Robert Goldberg is a James F. Bender Clinical Professor of Finance at the Adelphi University Robert B. Willumstad School of Business.

The Misery Index was introduced in the 1970s as a crude measure of economic adversity, adding together the otherwise incommensurable inflation and unemployment rates. In a similar spirit, here we introduce a rudimentary measure of monetary accommodation. Our Fed Accommodation Index is the simple sum of two components. The first is the difference between the rates of money supply growth and the growth rate of GDP, where a greater difference would signify “looser” money. The other component is the difference between inflation and the Fed funds rate, where inflation greater than the interest rate suggests insufficient tightening.

A positive index value implies that the Fed is being accommodative, while a negative value implies the opposite. And as we will see, magnitude matters.

Mariano Torras is a Professor and Chair of the Finance and Economics Department at the Adelphi University Robert B. Willumstad School of Business.

The accompanying graph shows changes in the value of the index over more than six decades. The pattern is revealing. From 1959 to the late 1970s, the index mostly remained at a low absolute magnitude, whether positive or negative. But for the 20-year period immediately following, it is nearly always negative, flirting with and even falling below -15 on a few occasions in the late 1970s and early 1980s.

The Fed, in other words, had its foot on the brake from about 1980 to 2000, the effect at least partly a residual from its emphatic response to the double-digit inflation of the 1970s.

After 2000, however, a starkly different picture emerges. The Index moves into positive territory and, after some fluctuation during the aughts, remains there in the decade or so following the financial crisis. Moreover, it peaks at 25, and then again at 18, both far higher than anything seen in the preceding six decades. What is most remarkable is that the index remains relatively high despite historically low inflation over the period. The pedal was, in other words, “pressing down hard on the metal”, as monetary policy was increasingly relied upon to stimulate an economy no longer responding to fiscal stimulus funded by federal budget deficits. The macroeconomic data certainly seem to bear this out; after growing at an annualized rate of over 3.5 percent from 1947 to 2000, inflation-adjusted US GDP grew only two percent per annum from 2000 to 2020.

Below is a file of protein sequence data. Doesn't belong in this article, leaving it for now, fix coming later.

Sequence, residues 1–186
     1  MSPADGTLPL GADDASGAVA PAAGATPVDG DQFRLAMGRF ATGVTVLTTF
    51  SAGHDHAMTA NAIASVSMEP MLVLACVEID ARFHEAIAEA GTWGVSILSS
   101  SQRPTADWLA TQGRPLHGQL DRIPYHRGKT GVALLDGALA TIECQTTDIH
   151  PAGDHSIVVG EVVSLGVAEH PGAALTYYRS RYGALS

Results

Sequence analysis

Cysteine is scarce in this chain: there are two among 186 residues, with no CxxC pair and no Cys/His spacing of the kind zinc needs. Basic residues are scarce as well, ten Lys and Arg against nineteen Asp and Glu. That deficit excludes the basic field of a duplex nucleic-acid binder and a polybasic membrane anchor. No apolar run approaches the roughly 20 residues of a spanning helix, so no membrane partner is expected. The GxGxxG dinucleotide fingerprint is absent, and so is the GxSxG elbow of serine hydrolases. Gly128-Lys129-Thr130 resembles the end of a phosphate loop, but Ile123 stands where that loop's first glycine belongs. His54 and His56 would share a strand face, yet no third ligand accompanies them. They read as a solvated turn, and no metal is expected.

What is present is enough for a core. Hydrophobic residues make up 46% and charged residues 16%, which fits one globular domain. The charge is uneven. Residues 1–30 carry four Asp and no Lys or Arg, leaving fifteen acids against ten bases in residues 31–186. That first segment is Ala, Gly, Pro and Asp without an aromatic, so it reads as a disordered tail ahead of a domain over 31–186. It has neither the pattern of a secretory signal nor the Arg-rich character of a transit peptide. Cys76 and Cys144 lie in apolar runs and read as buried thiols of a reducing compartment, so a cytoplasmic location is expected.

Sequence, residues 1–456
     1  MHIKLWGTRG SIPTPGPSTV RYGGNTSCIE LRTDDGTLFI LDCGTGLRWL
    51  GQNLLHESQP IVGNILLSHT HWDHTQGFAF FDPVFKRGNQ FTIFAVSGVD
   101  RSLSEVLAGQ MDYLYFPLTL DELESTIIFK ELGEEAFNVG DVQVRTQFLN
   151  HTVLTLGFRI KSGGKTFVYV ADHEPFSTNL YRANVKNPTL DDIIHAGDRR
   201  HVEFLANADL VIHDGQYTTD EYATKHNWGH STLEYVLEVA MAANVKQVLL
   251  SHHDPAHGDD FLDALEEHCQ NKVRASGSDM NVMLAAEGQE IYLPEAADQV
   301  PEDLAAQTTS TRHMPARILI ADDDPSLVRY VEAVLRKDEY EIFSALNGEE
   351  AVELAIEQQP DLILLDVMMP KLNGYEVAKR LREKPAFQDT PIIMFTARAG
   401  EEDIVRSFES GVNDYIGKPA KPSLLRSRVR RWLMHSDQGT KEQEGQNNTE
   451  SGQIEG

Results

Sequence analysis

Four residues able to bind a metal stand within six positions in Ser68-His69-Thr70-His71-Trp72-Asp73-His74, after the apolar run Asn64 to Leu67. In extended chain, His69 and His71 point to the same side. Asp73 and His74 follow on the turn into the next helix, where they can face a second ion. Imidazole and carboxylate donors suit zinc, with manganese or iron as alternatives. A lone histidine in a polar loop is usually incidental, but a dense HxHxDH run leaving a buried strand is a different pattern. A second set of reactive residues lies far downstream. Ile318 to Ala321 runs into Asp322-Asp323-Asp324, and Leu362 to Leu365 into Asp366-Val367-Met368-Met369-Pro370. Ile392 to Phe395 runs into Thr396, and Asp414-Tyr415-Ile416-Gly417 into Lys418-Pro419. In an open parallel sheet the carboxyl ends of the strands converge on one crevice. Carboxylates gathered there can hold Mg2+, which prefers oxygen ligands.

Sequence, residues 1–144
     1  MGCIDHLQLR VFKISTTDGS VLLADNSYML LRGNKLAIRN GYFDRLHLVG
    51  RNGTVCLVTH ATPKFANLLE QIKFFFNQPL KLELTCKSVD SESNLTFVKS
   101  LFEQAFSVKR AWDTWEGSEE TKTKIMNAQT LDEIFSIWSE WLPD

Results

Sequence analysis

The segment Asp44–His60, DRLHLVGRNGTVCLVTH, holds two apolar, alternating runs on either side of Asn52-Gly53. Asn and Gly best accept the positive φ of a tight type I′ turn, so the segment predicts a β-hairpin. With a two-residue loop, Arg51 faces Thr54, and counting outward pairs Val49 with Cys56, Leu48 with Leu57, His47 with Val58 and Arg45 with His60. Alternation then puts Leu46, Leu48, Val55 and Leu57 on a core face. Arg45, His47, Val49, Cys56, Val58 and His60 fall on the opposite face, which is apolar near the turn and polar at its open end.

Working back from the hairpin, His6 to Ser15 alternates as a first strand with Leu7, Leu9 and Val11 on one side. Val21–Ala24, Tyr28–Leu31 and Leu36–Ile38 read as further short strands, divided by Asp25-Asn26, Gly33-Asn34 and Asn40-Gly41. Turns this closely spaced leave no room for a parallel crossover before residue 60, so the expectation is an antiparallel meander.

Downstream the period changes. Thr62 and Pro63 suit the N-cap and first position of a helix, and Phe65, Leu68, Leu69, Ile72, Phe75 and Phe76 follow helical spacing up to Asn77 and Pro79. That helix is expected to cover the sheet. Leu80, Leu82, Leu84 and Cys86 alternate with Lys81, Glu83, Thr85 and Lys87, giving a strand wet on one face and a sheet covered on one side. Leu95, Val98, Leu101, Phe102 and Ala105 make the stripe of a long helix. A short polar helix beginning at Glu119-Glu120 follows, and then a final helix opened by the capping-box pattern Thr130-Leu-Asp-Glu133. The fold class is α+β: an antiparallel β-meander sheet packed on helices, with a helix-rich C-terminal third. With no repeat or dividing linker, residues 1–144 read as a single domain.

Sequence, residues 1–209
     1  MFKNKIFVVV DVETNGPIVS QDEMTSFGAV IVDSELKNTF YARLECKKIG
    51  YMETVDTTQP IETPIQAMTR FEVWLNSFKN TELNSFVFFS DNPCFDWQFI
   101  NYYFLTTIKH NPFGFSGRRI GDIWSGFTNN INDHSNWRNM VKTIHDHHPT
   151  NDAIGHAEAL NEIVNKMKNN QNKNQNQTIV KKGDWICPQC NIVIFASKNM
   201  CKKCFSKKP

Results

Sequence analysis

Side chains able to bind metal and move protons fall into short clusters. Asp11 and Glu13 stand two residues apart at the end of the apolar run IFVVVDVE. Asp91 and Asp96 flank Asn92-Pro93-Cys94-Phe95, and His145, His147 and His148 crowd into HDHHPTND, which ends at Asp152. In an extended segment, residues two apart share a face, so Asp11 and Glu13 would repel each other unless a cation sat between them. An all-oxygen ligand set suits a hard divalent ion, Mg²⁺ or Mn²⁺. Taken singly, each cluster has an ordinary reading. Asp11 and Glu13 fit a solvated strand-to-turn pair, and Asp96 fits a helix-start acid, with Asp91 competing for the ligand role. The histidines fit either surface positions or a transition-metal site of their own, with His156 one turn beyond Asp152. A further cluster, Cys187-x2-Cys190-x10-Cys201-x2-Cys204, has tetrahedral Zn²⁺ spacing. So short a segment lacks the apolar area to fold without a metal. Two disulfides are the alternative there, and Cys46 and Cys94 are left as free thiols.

Our index also reflects the unprecedented volatility of the early Covid years, and its sensitivity to the emergency measures undertaken. Sharply negative GDP growth in the second quarter of 2020 raised the index to an anomalously high level (88), while the ensuing “correction” did the same in the third quarter but in the opposite direction (-22). And notice how, in response to the recent return of inflation about eighteen months ago, our index shows the United States entering a phase of monetary tightening the likes of which we have not seen in about 40 years.

What the graph cannot, of course, tell us – and it is the critical question on everyone’s mind –  is what to expect in the medium to long-term. Is the drop in our index over the past 18 months a mere blip, to be reversed once we re-enter the accommodative regime of persistently low rates – if that is even possible? Or does it perhaps signify entry into a new policy regime of high rates? The short run answer is highly unpredictable. But in the longer term, the path followed by the Accommodation Index will in large part depend on a mix of factors with low uncertainty (e.g., demographics), medium uncertainty (government policy), and high uncertainty (the rate and impact of scientific discovery). It is almost assured that such factors will weigh heavily on future growth and inflation trends and monetary responses.

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